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America's Best Colleges 2008 (Forbes) - We're #524

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From Forbes:

America's Best Colleges America's Best Colleges 2008 Michael Noer and Richard Vedder 08.13.08, 6:00 PM ET

Competition is good.

Choosing a four-year undergraduate college is one of the biggest decisions a typical American family can make. And for too many years, information about the quality of American higher education has been monopolized by one publication, U.S. News & World Report.

We offer an alternative.

In conjunction with Dr. Richard Vedder, an economist at Ohio University, and the Center for College Affordability and Productivity, Forbes.com inaugurates its first ranking of America's Best Colleges, an annual list. In this report, the CCAP ranks 569 undergraduate institutions based on the quality of the education they provide, and how much their students achieve.

CCAP's methodology attempts to put itself in a student's shoes. How good will my professors be? Will the school help me achieve notable career success? If I have to borrow to pay for college, how deeply will I go into debt? What are the chances I will graduate in four years? Are students and faculty recognized nationally, or even globally?

To answer these questions, the staff at CCAP (mostly college students themselves) gathered data from a variety of sources. They based 25% of the rankings on 7 million student evaluations of courses and instructors, as recorded on the Web site RateMyProfessors.com. Another 25% depends on how many of the school's alumni, adjusted for enrollment, are listed among the notable people in Who's Who in America.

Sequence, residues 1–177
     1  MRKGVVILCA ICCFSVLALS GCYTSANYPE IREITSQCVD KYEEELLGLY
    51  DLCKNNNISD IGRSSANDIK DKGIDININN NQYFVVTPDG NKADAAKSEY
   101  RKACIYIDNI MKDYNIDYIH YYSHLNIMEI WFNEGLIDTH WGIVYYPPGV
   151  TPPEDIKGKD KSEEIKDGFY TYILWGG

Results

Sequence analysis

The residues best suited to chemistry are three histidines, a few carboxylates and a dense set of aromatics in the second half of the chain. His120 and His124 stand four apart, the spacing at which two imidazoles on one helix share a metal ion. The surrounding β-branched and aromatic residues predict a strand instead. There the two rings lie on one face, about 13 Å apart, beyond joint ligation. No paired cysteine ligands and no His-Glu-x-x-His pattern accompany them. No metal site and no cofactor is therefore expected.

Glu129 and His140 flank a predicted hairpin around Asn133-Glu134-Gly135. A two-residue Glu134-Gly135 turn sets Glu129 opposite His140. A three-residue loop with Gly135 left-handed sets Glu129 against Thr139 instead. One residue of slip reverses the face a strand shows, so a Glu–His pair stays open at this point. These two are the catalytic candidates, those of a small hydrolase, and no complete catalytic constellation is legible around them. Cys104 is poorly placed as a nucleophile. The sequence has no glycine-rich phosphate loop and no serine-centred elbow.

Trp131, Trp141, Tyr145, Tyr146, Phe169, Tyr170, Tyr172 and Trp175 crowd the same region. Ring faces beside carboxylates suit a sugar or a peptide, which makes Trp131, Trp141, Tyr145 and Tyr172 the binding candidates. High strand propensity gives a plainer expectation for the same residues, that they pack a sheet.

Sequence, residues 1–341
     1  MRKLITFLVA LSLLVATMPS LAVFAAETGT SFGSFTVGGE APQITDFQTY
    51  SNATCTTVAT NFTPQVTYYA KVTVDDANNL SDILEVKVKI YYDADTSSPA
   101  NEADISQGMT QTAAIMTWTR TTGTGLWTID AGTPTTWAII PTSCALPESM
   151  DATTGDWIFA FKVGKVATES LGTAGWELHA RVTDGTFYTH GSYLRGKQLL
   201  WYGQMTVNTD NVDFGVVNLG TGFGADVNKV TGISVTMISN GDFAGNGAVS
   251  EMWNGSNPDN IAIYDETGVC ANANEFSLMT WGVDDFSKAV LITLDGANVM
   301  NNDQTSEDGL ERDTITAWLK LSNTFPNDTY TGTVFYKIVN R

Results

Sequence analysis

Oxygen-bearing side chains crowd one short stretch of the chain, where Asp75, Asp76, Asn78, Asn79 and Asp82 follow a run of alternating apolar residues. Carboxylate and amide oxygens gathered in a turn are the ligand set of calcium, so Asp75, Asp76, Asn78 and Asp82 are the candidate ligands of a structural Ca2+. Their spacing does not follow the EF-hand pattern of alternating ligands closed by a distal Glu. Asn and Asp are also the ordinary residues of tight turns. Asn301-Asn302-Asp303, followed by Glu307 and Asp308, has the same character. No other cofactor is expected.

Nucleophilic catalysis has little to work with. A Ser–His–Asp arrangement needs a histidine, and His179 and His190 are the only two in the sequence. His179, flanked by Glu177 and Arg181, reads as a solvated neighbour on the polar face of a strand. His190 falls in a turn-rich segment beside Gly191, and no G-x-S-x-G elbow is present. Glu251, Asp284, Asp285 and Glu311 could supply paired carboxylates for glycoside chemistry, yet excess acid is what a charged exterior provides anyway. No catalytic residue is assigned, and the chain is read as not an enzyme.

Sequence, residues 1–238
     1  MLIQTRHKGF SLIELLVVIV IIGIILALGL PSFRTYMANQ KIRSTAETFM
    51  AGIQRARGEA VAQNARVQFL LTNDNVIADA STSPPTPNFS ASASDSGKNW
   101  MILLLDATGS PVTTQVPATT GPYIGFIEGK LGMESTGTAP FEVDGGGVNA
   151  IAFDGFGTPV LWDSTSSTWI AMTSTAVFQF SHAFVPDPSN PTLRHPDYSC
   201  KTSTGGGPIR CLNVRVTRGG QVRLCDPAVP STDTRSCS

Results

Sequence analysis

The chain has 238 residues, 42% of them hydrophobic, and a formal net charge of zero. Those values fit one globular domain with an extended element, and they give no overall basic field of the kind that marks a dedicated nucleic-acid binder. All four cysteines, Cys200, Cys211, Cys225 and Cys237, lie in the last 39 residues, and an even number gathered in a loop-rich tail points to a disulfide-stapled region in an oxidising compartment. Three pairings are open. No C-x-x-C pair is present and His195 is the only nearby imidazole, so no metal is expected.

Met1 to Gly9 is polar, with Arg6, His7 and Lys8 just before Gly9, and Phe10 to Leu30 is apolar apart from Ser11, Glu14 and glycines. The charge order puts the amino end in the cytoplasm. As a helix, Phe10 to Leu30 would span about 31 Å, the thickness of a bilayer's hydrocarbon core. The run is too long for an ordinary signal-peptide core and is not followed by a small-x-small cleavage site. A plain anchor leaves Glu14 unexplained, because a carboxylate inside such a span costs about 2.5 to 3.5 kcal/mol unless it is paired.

The other half of the ranking is based equally on three factors: the average amount of student debt at graduation held by those who borrowed; the percentage of students graduating in four years; and the number of students or faculty, adjusted for enrollment, who have won nationally competitive awards like Rhodes Scholarships or Nobel Prizes.

Generally speaking, big state schools performed poorly: the University of Wisconsin, Madison, ranked 335th; the University of Texas, Austin, 215th; and the University of Minnesota 524th. California public schools scored relatively well, with the flagship Berkley campus coming in 73rd place.

How do the BigTen schools rank?

11 Northwestern

155 Illinois

161 Michigan

214 Indiana

272 Penn State

292 Ohio State

327 Michigan State

331 Iowa

335 Wisconsin

487 Purdue

524 Minnesota



Are we ready to stop rowing in tar? Bob? Tom?

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As Hook and Smee learned, fear the clock.

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